The Illusion of Openness HTML version

Sydney Boles
Contemporary Indigenous Peoples in Latin America
Spring, 2012
Jacobo Schifter
The fight for indigenous identity has been fought since the first Europeans
left their boot prints in the sand. At first, the Boruca fought with bows and arrows,
with the strength of their arm and their cooperation as a unit. (Indeed, there is no
mention of Boruca in any account of the Spanish conquest of Latin America precisely
because the Boruca were the only people to defeat their conquerors. [Santos.
Personal Interview. March 9, 2012.]) Then they fought amongst each other, and for a
time they lost what it meant to be Boruca. Now they fight with the written word.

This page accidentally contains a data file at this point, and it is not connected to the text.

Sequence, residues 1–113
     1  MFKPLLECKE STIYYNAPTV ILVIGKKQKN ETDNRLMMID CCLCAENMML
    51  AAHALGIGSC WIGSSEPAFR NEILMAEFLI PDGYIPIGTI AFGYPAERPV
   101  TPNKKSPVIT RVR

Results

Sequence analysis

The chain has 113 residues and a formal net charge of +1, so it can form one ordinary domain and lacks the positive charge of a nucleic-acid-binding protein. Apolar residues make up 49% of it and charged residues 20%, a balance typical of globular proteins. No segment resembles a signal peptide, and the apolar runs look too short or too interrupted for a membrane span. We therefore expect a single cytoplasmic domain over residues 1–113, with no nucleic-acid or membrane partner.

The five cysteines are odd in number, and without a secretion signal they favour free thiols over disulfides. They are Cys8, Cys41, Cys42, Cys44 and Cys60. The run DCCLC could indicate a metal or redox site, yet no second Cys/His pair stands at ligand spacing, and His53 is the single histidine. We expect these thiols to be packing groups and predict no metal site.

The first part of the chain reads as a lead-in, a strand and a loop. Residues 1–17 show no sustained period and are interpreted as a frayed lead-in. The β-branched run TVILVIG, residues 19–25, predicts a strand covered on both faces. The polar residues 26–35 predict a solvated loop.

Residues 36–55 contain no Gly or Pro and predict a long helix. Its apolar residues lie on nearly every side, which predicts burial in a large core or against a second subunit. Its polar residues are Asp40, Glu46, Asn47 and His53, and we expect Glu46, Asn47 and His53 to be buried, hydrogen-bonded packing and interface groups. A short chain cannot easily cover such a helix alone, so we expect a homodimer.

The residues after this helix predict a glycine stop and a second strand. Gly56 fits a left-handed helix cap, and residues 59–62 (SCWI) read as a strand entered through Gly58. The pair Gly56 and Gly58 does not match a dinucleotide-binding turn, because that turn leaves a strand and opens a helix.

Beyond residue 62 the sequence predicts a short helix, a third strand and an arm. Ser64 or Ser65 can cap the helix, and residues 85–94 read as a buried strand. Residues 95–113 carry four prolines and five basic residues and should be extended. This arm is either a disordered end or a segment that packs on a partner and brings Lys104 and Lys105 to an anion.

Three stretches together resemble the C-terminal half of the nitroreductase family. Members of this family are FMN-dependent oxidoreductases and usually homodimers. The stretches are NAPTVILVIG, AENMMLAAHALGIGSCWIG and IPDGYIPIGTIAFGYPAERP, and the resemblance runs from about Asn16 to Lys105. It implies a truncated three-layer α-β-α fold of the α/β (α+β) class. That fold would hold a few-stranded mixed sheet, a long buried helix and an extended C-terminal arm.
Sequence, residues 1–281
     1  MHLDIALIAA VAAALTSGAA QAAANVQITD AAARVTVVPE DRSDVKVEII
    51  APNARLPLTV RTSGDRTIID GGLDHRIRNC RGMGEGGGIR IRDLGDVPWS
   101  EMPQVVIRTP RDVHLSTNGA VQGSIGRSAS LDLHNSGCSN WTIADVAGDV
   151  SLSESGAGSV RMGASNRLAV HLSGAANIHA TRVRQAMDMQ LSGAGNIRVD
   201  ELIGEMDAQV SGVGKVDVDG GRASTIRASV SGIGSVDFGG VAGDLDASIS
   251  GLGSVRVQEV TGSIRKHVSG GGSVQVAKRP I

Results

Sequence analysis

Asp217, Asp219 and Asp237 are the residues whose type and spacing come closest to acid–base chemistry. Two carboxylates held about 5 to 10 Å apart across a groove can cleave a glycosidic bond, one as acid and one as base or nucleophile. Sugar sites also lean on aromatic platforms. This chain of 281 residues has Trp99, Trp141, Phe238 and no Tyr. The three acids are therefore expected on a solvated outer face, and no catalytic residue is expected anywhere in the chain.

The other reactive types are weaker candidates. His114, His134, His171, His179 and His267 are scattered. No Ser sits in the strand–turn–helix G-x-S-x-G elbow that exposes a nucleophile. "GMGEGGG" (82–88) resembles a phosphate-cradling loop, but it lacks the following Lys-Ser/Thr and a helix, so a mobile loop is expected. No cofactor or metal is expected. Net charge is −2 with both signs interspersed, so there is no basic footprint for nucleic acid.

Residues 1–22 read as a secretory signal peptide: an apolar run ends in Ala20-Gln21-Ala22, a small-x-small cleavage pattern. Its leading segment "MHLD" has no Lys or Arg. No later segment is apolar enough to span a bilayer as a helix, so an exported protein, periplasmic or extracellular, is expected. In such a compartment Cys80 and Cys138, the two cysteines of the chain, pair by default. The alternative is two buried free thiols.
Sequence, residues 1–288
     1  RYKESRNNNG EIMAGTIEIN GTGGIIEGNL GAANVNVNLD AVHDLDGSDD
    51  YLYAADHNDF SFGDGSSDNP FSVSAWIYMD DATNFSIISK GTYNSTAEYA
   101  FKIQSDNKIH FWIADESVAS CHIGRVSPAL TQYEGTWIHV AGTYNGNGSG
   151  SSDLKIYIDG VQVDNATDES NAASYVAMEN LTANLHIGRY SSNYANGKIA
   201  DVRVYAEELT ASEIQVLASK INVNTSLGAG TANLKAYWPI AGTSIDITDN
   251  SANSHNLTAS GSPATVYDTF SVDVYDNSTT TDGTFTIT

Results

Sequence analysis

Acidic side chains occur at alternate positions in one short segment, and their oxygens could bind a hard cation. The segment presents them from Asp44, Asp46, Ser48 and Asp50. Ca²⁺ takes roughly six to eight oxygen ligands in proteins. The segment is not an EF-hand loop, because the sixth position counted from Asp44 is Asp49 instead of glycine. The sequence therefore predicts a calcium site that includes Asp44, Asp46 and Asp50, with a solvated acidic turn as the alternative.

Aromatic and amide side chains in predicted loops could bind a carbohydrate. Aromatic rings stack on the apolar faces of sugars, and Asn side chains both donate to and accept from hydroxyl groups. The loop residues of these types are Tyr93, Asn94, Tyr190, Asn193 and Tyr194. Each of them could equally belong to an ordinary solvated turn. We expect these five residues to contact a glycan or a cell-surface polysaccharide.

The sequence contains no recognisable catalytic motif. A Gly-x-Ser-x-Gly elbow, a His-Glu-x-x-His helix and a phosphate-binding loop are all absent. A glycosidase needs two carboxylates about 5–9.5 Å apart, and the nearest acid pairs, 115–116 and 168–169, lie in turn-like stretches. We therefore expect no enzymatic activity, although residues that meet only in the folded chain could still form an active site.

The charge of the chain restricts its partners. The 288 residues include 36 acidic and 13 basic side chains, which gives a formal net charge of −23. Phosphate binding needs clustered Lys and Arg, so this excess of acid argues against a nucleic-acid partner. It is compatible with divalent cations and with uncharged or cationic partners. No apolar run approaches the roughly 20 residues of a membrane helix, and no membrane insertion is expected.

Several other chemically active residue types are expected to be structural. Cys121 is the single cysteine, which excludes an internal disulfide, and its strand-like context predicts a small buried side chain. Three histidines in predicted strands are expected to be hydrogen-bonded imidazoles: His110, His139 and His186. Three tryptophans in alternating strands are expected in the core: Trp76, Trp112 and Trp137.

They sign contracts, meet with government officials and use the Internet to get their
message across.
But what are they fighting for? On first glance, even on second or third
glance, the little town is barely different from any other rural Costa Rican
settlement: they have pulperías, a soccer field, a school, dirt roads shared between
horses, motorcycles and delivery trucks bearing familiar brand logos. The people of
Boruca watch TV, make rice in rice cookers and have favorite American bands. They
have Facebook accounts. They lament their homework load and paint their nails.
They wear clothes that are made in China and sport American designs. Only the very
old grew up with the native tongue caressing their ears.
They have been fighting for so long: have they retained their identity at all?
The first point to resistance in Boruca must be to dissuade the notion that if
someone wears foreign clothes and eats foreign food he must have lost his culture: